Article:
Amy: Well, basically when you said, you know, “There's no need that you can't still stay with your day job and do the best job that you can do, show up every day, do the best for Tony, be there, be present, go pro,” which is my favorite thing you said, and we'll get into that. But also, “at night and in the morning you can start building your business and working on other things.”
So, it didn't have to be so black and white, which is what you're saying here with your own life experience. You didn't have–I didn't just have to choose one right there. Because it wasn't the right time for me to quit. And that was such a gift you gave me.
Marie: Yeah. Well, I mean, for you, and especially for your situation at the time, I could feel in your heart and just based on working with you, it was going to create such emotional, financial, intellectual stress for you to just jump ship and not have anything else, and have to build everything fast.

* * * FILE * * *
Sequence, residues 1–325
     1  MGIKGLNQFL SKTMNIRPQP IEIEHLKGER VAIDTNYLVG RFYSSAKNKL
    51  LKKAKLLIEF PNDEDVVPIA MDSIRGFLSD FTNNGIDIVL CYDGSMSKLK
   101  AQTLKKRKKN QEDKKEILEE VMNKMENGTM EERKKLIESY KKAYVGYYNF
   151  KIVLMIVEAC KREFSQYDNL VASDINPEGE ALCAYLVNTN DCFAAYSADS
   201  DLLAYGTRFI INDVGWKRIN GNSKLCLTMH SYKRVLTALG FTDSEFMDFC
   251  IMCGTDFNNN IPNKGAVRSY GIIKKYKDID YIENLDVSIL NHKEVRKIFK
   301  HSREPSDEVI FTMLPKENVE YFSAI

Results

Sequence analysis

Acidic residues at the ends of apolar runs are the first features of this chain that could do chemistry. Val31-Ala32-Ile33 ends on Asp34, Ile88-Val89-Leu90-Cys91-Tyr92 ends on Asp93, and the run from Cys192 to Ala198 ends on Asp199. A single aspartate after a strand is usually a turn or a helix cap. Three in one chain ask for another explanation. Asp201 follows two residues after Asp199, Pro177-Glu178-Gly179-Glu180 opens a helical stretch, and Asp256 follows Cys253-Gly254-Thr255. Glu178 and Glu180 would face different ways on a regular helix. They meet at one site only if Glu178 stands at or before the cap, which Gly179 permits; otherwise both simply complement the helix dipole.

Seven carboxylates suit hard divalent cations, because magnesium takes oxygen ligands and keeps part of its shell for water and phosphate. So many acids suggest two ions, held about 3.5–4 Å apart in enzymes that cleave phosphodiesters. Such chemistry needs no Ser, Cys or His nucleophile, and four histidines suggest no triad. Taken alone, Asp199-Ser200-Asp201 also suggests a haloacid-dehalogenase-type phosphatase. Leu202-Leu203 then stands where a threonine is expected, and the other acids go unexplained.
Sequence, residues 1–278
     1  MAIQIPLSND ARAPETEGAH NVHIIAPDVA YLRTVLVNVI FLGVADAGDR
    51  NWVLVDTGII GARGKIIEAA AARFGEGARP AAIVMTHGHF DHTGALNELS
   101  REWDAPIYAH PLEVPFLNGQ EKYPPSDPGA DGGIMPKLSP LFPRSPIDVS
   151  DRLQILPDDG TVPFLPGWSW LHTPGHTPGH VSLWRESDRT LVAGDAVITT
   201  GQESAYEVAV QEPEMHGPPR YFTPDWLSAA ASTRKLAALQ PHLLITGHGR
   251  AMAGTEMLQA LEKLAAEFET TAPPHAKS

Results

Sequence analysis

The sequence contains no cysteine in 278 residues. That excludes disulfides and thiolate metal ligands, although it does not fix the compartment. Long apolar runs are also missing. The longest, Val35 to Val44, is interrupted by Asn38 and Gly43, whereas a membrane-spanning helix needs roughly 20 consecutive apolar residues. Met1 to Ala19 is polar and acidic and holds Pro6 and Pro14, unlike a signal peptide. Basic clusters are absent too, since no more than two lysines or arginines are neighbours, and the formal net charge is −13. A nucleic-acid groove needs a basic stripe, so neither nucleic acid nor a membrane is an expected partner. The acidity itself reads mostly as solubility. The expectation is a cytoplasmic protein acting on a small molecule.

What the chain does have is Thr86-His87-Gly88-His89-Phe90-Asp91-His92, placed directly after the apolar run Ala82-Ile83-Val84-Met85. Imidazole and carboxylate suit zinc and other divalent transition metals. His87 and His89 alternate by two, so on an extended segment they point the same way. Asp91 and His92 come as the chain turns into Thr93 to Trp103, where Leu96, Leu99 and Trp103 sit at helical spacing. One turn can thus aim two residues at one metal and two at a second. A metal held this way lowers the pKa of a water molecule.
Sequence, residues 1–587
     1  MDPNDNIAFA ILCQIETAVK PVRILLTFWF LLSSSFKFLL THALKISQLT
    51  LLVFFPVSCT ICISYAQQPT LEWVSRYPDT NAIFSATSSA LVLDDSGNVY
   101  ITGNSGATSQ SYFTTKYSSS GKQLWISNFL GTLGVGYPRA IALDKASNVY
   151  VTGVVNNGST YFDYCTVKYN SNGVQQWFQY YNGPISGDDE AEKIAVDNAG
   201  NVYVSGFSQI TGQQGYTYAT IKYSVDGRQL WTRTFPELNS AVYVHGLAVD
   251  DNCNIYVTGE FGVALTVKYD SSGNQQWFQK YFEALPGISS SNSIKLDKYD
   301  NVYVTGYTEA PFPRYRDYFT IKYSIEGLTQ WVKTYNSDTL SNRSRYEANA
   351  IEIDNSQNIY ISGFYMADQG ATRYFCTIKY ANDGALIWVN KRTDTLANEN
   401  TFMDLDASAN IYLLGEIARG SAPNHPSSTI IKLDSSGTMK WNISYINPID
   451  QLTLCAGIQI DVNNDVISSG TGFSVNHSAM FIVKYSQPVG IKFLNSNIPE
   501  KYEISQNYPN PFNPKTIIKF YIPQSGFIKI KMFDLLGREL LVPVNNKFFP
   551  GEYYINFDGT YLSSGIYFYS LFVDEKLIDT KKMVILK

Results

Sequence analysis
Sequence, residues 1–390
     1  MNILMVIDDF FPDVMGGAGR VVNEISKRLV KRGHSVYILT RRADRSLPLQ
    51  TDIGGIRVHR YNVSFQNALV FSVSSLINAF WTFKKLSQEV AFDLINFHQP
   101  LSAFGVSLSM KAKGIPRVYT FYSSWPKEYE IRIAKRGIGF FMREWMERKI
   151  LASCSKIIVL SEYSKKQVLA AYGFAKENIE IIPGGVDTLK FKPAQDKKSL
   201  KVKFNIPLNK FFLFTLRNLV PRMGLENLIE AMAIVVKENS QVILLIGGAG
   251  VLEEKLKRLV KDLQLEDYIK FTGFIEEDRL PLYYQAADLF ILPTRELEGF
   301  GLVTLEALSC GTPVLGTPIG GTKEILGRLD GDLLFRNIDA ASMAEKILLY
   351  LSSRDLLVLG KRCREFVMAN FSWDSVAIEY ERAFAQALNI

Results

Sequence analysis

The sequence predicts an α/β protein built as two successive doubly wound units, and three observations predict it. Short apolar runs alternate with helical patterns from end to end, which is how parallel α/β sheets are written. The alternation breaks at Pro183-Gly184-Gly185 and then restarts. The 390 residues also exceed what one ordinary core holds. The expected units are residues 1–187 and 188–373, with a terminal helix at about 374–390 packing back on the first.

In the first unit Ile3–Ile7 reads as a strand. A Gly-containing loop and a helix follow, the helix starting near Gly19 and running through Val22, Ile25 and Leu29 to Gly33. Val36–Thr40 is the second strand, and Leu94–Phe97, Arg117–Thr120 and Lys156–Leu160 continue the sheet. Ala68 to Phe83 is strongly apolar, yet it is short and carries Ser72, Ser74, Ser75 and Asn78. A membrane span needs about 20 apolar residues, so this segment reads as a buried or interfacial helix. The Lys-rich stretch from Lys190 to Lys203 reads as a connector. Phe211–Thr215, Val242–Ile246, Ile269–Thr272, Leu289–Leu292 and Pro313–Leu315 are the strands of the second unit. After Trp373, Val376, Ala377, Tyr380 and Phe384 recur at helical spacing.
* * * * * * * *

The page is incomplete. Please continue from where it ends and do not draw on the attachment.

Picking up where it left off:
I do want to make this one point though, Amy. And I think this is really, really crucial. It's one of those subtle distinctions–each of us has our own level of risk averseness. You know, how averse we are to risk. So as I said, for me, I didn't–I hate to have financial pressure. And as a life coach at that time, the last thing I wanted was to be desperate for clients. I felt like people can smell that a mile away.
So I wanted to have other income streams fueling me, so that when I actually was starting to work with clients, I was doing it because they were the right fit, you know, it was–they felt like I didn't need to have them as a client, I wasn't struggling to keep them, and it kept things really clean.